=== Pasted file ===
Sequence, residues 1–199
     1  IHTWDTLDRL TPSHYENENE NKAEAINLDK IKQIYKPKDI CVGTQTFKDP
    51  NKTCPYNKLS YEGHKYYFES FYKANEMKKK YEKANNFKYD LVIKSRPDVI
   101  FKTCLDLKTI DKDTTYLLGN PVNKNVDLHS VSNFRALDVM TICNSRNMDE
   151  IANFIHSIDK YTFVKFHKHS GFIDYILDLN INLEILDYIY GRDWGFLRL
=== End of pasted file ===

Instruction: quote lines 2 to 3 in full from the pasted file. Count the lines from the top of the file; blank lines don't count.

     1  IHTWDTLDRL TPSHYENENE NKAEAINLDK IKQIYKPKDI CVGTQTFKDP
    51  NKTCPYNKLS YEGHKYYFES FYKANEMKKK YEKANNFKYD LVIKSRPDVI